On average, up to ten gray whales wash up on the san francisco beaches every year. However, this year, the figure is already nine and marine experts are racking their brains trying to get the answer. It is certainly strange to find that the annual number has been reached in a matter of weeks. The latest one was discovered in the San Francisco Bay Area. The Marine Mammal Center conducted a necropsy and found the cause to be a collision with a ship.

Such accidental deaths do happen and records of the center say it was the cause for three previous fatalities. It has added that four others died from malnutrition, while it was not possible to establish the cause of death of one.

Daily Mail UK reports that biologists attached to the center have observed many of these gray whales migrate from Mexico to Alaska. Biologists noted that the condition of these whales was not good. They appeared to be starving.

Inadequate sources of food

Chief pathologist of the Marine Mammal Center has informed a section of the media that “Normally when a whale floats in, it ends up on its back.” Such a body position permits easy access to the relevant parts of the body like the abdominal cavity, rear portion of the head, and back of the thorax etcetera.

Injuries in these areas could result when colliding with a large object like a ship. However, the ninth one that landed in the San Francisco Bay Area was lying on its stomach. This made it all the more difficult to perform their tests.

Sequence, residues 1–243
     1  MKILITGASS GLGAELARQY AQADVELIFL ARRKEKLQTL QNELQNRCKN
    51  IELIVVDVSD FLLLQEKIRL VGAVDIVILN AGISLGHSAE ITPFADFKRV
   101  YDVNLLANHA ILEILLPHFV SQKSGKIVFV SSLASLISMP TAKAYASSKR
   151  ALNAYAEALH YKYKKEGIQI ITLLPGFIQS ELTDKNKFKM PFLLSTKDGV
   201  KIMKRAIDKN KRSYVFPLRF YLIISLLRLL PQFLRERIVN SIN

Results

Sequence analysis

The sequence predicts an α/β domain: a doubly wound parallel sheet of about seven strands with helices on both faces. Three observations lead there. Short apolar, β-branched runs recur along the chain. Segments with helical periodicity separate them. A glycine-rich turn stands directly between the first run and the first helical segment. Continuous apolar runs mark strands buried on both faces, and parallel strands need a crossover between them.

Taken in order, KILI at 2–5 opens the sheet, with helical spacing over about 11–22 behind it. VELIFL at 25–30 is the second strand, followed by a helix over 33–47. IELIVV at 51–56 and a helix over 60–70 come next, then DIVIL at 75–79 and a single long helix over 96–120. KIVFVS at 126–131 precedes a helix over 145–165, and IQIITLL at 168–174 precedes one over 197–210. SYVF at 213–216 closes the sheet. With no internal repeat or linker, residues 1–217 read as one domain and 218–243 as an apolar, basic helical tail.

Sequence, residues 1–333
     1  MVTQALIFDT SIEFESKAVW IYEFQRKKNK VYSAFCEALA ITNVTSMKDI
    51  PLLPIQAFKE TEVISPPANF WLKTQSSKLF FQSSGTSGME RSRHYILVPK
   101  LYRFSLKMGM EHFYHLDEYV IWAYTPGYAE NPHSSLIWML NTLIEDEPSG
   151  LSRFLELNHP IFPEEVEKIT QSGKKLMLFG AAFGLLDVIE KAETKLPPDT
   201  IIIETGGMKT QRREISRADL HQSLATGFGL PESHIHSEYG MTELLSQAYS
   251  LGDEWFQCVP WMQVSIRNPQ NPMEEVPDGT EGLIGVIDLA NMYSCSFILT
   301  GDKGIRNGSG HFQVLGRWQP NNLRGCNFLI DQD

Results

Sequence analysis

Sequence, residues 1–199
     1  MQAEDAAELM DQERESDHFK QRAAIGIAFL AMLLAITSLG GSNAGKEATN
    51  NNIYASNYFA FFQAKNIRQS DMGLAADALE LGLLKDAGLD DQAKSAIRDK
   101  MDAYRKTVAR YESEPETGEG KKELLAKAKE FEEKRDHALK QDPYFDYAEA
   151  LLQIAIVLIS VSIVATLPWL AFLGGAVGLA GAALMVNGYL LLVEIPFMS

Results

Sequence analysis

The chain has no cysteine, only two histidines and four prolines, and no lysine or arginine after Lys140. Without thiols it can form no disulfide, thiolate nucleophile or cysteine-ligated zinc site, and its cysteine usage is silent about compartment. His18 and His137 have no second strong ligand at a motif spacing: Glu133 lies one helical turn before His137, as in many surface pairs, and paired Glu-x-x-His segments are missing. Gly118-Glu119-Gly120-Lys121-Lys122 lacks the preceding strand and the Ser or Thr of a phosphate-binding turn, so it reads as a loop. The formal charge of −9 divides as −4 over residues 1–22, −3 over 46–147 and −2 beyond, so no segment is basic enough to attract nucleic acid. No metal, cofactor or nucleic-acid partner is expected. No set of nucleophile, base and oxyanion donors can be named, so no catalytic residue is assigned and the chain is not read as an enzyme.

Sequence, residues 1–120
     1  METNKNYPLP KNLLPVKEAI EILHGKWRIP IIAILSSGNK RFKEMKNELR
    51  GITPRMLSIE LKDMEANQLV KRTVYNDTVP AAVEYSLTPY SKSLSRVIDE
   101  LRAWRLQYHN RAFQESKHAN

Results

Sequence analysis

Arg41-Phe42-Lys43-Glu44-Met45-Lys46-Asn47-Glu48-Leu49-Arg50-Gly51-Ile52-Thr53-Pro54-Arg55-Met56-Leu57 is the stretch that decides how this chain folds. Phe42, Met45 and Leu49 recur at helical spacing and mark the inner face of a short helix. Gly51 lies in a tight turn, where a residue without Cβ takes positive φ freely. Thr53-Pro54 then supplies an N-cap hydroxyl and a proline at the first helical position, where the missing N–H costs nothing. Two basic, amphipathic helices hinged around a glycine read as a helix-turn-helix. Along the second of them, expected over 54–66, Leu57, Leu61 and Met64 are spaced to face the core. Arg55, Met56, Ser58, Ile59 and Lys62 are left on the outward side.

Daily Mail UK goes on to add that one gets an impression that the gray whales are probably finding it difficult to get enough food.

Experts feel the warming ocean conditions have affected their food supplies. These usually consist of krill and small shrimp-like animals to small fish. This can be considered to be a hitherto unknown result of global warming where food supplies vanish and large animals like gray whales suffer from malnutrition. Another factor is plastic pollution because there are instances of whales dying from ingestion of plastic products.

Gray whales were in the Endangered Species List

According to CNN, today, there are about 26,000 gray whales, found only in the Pacific Ocean. However, there was a time in the late 1800s and again in the early 1900s, when their population had plummeted to less than 2,000 because humans hunted them down. Subsequently, an international agreement of 1946 put a stop to the hunting. That helped them recover and in 1994, they were removed from the Endangered Species List.

Regarding the gray whales that washed up in the San Francisco Bay Area, the opinion of biologists of the Marine Mammal Center is that the physical condition of some was poor. This could be possibly "due to anomalous oceanic conditions." They have also mentioned that one of the contributory factors could be "shifting food sources."

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